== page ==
November 3 | 13:30-15:00 | Museum Volkenkunde, Leiden
As part of the TAKING CARE conference on Thursday afternoon, four parallel break-out sessions take place. Please sign-up for one of the sessions during registration.
Critical Care Package (a creative worshop)
Picking up on the themes discussed in Audra Mitchell's presentation, this workshop will address the task of helping the bat/uma-t-simagere (and other beings currently held in museums) to return home to their communities. Specifically, we will work together to create a critical 'care package' to assist the bat in their homeward journey.
This workshop may include writing, drawings, maps, apologies, advice for avoiding harms, lists of provisions, ideas, wishes and promises. Although this work will be guided by support and hope for the bat's return, we will not lose focus on the various ways in which we are implicated in the structures of violence that have brought us and the bat into relation, and how they show up in our attempts to make amends. The care package will be shared with museum staff to help support their work around these issues.
Furthermore, it will be rooted in principles of anti-racism, anti-colonialism, anti-ableism, queer/2SLGBTQIA+ and feminist principles. It may include discussion of traumatic events, so please take care and also give others a warning/the option to leave if you wish to discuss something that may be (re-)traumatizing to you or others. You are welcome to leave (and/or return) at any time if things become too much. The workshop will involve speaking, but also other modes of participation, including but not limited to, listening, writing, drawing, movement and other forms of expression. Everyone will be able to contribute something to the care package in a way that is accessible and meaningful to them. Please let the organizers know if you have accessibility needs.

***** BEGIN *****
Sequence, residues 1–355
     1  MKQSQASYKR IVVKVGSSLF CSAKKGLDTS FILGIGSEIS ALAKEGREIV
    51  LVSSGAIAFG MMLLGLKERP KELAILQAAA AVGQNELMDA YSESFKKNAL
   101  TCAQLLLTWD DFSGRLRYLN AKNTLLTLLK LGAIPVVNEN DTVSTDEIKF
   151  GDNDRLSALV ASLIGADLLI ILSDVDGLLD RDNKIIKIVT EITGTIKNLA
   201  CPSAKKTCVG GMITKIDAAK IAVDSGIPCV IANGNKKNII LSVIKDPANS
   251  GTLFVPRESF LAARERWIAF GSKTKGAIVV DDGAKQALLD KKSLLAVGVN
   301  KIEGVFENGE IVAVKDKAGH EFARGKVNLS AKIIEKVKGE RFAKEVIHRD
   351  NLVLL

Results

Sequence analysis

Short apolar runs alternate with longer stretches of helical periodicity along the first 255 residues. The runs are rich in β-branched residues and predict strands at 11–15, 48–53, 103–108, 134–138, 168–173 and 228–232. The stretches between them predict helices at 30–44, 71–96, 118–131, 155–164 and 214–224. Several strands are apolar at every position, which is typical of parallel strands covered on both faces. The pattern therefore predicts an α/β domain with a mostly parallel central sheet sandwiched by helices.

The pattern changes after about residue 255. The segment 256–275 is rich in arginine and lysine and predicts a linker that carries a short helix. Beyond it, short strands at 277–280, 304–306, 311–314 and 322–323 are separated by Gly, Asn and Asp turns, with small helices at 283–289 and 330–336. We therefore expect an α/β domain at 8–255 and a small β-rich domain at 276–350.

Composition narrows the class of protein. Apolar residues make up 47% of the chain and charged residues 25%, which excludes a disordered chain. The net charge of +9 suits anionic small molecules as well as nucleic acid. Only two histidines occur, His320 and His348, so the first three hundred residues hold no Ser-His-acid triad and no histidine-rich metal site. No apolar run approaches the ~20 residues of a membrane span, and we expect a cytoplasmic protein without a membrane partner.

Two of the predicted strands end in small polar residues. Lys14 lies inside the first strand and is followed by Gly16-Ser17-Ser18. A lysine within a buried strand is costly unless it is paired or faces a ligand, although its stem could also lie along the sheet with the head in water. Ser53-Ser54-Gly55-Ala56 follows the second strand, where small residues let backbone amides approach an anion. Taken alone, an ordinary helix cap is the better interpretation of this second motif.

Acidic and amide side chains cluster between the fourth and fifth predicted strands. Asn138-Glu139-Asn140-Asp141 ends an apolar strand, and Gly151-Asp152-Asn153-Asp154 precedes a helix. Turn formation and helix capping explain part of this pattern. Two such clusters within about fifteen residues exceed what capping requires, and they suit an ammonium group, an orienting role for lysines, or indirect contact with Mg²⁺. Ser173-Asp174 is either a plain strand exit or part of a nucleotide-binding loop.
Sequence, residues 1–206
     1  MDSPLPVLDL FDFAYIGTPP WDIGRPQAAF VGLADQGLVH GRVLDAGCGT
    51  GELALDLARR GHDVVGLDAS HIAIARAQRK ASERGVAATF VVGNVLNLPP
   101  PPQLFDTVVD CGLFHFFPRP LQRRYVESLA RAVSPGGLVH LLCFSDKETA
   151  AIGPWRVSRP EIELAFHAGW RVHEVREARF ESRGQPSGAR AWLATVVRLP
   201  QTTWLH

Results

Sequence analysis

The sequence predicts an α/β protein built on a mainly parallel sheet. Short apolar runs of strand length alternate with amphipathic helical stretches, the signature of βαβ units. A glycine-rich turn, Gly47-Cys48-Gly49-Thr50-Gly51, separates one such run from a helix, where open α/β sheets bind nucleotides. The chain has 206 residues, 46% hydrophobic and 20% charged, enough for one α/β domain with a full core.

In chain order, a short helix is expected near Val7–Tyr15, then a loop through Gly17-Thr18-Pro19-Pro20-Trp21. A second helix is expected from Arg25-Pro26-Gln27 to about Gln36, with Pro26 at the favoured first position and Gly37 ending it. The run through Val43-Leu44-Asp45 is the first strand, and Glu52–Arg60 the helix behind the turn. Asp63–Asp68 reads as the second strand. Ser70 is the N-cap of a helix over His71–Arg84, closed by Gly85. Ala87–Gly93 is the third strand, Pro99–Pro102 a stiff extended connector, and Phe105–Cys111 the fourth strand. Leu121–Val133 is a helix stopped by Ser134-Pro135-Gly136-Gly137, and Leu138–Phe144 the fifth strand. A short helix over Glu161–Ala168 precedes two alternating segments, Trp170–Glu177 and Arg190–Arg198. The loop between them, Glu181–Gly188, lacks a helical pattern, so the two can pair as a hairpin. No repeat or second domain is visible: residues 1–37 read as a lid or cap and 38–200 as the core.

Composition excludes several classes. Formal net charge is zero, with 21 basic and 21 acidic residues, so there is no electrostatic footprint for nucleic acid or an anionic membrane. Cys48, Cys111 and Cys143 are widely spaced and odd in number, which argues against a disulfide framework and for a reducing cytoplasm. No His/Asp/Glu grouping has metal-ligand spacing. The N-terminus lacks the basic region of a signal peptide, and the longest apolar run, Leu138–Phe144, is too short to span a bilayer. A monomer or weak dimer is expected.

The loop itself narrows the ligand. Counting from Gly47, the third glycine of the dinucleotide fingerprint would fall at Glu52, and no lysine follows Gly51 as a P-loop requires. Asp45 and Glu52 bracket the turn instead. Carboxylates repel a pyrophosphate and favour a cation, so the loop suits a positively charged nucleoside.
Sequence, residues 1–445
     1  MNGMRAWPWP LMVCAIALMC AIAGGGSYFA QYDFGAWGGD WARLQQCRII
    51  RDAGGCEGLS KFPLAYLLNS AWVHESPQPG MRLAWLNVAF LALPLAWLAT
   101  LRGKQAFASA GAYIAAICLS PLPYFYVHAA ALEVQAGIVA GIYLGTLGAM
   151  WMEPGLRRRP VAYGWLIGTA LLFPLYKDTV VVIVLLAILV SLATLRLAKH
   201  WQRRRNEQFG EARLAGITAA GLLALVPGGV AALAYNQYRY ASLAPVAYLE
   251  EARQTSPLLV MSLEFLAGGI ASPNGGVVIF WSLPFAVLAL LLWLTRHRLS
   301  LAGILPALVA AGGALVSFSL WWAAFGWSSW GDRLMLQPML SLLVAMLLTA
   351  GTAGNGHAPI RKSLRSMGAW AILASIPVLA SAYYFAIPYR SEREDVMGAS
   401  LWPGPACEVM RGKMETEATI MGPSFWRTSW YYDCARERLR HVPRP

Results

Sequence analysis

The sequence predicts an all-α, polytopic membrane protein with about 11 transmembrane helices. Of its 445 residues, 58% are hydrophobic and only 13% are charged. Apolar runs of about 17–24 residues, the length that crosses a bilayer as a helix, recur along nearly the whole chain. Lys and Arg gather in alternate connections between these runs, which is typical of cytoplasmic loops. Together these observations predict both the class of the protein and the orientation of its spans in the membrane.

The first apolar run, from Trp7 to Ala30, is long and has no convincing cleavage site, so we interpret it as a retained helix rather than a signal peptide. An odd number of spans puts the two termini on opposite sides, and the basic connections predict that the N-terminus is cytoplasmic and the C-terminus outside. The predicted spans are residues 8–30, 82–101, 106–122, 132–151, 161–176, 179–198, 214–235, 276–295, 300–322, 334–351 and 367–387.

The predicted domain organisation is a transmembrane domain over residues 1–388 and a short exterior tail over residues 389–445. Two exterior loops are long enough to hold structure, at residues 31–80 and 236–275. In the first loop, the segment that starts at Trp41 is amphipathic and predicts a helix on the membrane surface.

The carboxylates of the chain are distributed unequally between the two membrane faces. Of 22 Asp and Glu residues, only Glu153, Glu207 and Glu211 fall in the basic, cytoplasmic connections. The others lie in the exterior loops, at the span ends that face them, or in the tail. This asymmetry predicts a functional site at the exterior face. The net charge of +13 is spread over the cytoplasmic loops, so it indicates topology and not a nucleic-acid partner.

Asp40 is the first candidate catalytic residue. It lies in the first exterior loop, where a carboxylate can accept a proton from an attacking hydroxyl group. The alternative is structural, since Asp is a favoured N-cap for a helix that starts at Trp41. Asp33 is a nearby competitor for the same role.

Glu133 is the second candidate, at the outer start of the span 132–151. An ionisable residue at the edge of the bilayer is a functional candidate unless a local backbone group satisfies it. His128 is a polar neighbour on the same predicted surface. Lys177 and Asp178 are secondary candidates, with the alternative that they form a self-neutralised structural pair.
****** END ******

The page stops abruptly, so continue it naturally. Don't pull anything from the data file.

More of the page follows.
Audra Mitchell (she/her, they/them) is Professor and Canada Research Chair in Global Political Ecology at the Balsillie School of International Affairs, Wilfrid Laurier University, Canada. Mitchell’s work addresses multi-scale eco-political violence. It focuses on the knowledge and perspectives of marginalized communities. Mitchell’s work also challenges narratives of "the" future, striving towards possible futures in which plural communities can thrive. Mitchell’s forthcoming book, (Bio)plurality: Global Extinction and Indigenous Resistance, reframes extinction as an expression of intersecting forms of global violence, offering alternative modes of response rooted in the embrace of irreducible difference. Their newest research program explores how the norm of neurotypicality contributes to global ecological violence, and explores the contributions that Autistic and other neurodivergent ecologies can make to ecological futuring. As an Autistic and Dyspraxic scholar, Mitchell is committed to making spaces in the academy for disabled and multiply-marginalized scholars.